EventideIn 1907 seventeen-year-old Verity and her little sister Lilah set out from New York City on an orphan train to find a new home. Verity was bitter because she hadn’t been allowed to care for her sister. She was almost eighteen, and had taken care of her ever since their mother died and their father started to go insane. However, she was still underage, so they had been forced to go to an orphanage when their father was taken to an asylum.

When they arrived in the small town of Wheeling Arkansas Miss Maeve, the local schoolteacher, adopted Lilah. Desperate to stay near her sister Verity allowed herself to be indentured to a couple that needed help on their farm. As she struggled through her chores, the thought of being able to leave forever with Lilah in a few months enabled her to get through the days in this little, superstitious town.

Verity couldn’t understand why everyone was afraid of the woods, and why she’d been warned to stay away from it. When she decided to explore it for herself she couldn’t understand why it suddenly became freezing cold and foggy, nor could she explain the presence of a little girl who disappeared when Verity tried to follow her. As Verity learned more about the people in the small town she began to realize that Lilah was in grave danger. Verity will do anything she can to protect her sister – even if it means giving up everything she once held dear.

I loved this book! It was suspenseful, spooky, thrilling and kept me up turning pages until late at night. I did have some questions about the ending that I would love to ask the author but, because they might reveal spoilers, I can’t ask them on this blog. However, I would love it if Sarah Goodman contacted me on the “down low” so I can unburden myself and get the answers I seek.

Despite my questions I highly recommend “Eventide” for ages 16 and older.

I received a digital advance reading copy of this book from the publisher in exchange for an honest review.

 

“Don’t tell the Nazis” Marsha Forchuk Skrypuch

Rated 5 stars ***** 2018. Scholastic Press. 226 p. (Includes “Author’s note.”) [Originally published in 2017 by Scholastic Canada as “Don’t tell the enemy.”]

Don't tell the NazisWhen the Soviets left Krystia’s small town in the Ukraine, everyone cheered. It was 1941, and they’d already endured two years of brutality. They were sure the incoming Germans would allow their country to rise up once again. Unfortunately, the Germans were worse. Soon they started creating lists of Jews and, as more Germans poured into town, Ukrainians and Jews were pushed out of their homes to make room. Soon the Nazis began to execute the Jews, then forced almost 1000 of them to live in crowded, squalid conditions in a Ghetto.

As the Nazis continued to abuse the Jews, Krystia was desperate to help her Jewish friends. Her aunt and uncle were in the Resistance, and provided forged documents she passed on to help some escape. Though no food was available and everyone was starving, her mother found ways to get food and she found ways to sneak it into the Ghetto while keeping up a show of normalcy for their suspicious neighbors. With Nazi spies everywhere can Krystia save her friends before it’s too late?

This sitting-on-the-edge-of-your-seat book is based on the true story of Kateryna Sikorska and her eight-year-old daughter Krystia who both performed heroic actions during the Nazi occupation of their town. It’s amazing to me that Krystia could have been so brave and clear thinking at such a young age. “Don’t tell the Nazis” is a wonderful testament to their courage, as well as to the bravery of their fellow Ukrainians (recognized in the Yad Vashem) who also stood against the Nazis.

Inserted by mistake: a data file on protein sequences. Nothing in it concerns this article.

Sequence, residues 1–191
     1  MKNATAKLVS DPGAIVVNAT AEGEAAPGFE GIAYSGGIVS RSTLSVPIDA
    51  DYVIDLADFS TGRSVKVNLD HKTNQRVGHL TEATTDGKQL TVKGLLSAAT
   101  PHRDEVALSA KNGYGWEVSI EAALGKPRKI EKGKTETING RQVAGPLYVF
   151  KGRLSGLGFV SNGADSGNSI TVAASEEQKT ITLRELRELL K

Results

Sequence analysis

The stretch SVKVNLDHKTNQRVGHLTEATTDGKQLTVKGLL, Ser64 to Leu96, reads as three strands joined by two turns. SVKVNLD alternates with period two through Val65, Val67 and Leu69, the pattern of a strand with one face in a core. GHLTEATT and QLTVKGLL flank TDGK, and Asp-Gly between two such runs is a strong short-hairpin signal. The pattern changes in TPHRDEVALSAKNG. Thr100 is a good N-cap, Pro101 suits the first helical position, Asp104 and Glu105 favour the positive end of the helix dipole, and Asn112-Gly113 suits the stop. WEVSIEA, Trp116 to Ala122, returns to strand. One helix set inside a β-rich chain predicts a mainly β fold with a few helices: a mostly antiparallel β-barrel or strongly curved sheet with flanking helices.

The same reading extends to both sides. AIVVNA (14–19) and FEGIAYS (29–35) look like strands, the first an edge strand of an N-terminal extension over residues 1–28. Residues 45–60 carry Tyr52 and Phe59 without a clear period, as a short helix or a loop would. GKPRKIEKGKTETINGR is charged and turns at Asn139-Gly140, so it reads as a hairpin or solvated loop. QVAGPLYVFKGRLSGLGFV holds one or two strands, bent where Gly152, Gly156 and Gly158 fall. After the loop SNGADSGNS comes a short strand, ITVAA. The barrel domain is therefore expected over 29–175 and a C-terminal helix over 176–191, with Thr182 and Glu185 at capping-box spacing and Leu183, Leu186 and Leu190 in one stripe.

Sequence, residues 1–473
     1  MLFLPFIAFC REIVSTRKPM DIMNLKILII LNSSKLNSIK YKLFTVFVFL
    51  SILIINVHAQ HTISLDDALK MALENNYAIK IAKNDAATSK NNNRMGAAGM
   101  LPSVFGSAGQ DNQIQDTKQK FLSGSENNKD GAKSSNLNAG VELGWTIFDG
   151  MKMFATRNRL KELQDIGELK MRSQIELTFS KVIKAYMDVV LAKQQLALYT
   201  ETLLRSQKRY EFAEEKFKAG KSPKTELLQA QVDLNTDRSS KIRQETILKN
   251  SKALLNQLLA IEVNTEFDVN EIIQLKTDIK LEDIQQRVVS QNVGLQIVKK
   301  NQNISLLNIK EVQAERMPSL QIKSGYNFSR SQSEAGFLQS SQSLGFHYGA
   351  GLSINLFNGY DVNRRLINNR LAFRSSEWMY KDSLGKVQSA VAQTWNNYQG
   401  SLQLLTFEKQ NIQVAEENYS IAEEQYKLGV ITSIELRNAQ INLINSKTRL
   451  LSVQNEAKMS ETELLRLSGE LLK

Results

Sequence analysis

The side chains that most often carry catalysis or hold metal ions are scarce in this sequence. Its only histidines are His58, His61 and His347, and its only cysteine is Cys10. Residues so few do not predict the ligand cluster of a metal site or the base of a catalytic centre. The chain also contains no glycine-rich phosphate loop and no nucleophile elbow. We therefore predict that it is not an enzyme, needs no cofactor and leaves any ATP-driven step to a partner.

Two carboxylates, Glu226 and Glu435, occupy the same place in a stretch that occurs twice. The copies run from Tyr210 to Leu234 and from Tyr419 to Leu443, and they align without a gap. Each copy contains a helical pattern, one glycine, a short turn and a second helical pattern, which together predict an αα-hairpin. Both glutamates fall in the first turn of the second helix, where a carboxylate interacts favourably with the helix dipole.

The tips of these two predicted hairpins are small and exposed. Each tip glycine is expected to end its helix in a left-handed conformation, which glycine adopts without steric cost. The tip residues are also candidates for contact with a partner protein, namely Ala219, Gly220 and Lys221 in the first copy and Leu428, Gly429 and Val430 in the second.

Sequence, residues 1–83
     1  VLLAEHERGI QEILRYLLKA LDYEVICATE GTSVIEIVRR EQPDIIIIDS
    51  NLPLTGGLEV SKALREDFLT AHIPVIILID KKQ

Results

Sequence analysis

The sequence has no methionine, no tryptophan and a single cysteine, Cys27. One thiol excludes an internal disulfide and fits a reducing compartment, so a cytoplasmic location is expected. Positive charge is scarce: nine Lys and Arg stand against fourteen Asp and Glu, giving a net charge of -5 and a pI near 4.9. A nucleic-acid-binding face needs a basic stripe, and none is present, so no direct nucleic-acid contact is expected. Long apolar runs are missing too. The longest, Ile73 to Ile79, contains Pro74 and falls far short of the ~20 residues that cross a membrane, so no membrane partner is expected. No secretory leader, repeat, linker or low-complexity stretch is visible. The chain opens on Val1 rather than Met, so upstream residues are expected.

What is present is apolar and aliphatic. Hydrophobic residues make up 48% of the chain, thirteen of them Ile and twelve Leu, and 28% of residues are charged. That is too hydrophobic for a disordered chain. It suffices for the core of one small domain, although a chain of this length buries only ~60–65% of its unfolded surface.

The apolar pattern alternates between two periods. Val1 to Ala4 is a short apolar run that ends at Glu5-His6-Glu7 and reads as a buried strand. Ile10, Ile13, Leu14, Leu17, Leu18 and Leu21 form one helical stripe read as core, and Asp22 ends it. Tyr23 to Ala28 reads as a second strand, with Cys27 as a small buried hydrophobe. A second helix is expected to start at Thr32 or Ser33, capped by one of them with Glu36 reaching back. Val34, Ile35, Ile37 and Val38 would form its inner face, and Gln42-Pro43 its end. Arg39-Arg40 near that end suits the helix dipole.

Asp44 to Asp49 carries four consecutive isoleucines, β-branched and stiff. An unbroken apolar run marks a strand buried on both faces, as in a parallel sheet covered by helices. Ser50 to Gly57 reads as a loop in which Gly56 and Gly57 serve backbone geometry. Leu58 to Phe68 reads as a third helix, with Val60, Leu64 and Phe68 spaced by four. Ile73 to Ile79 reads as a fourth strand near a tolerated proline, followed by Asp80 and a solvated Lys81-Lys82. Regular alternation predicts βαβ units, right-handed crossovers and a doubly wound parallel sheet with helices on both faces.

Highly recommended for ages 14 and older.

“The House of Five Fortunes” Amanda Hughes

Rated 3 stars *** ebook. 2016. Lillis and James. Bold Women of the 20th Century #3. 2016.

The House of Five FortunesXiu’s mother bought an opium den, The House of Five Fortunes, in San Francisco after her husband fell ill and could no longer support the family. When she died Xiu inherited it, but was forced to hide the leadership skills she’d learned due to a possessive and tyrannical husband. Her mother had worked hard to make the business a success, even though there were few women business owners in Chinatown, but Xiu passively allowed her husband to hold the reins of her life and her empire because she loved him.

When he was killed Xiu took control again and, with the help of her friend Nuan and Madison a famous actor, they raised The House of Five Fortunes to greater heights. Though there was a lot of anti-Chinese sentiment, that didn’t stop Madison from falling in love with Xiu but, due to her being Chinese, they were not allowed to marry. When random murders began to be committed, the police and local Whites blamed the Chinese. Madison knew Xiu wasn’t safe but, when a massive race riot began in Chinatown, their lives were soon endangered along with all of the town’s inhabitants.

Though this book is in the Bold Women of the 20th Century series, I didn’t see Xiu as very bold. Her mother was strong, but I saw Xiu as weak and easy to manipulate. I thought her mother, Nuan, and Dandan the cook were strong female characters, not Xiu. In fact the strongest character in the book was Madison, and he was a man!

Descriptions of the United States in the 1870’s, life during the gold rush, and the building of the transcontinental railroad by Chinese immigrants were interesting to read. I was saddened to read of the many ways the Chinese were mistreated – ways that are mirrored in anti-Immigrant policies today. Our country may have travelled far during the past 150 years, but many unpleasant reminders from the past still rear their ugly heads.

Recommended for Adults.

“The book of lost names” Kristin Harmel

Rated 5 stars ***** ARC. ebook. Gallery Books (Simon & Schuster.) To be published July 21, 2020.

The book of lost namesIn 2005, Eva Abrams sees an article in the New York Times seeking the owner of a rare book that had been looted by the Nazis. Eva knows it’s her book that she’d thought was lost long ago, and that it contains a secret she’s waited 60 years to find. With single-minded purpose she books a trip to Berlin to claim it, hoping it might contain a message from her long lost lover who died in 1944.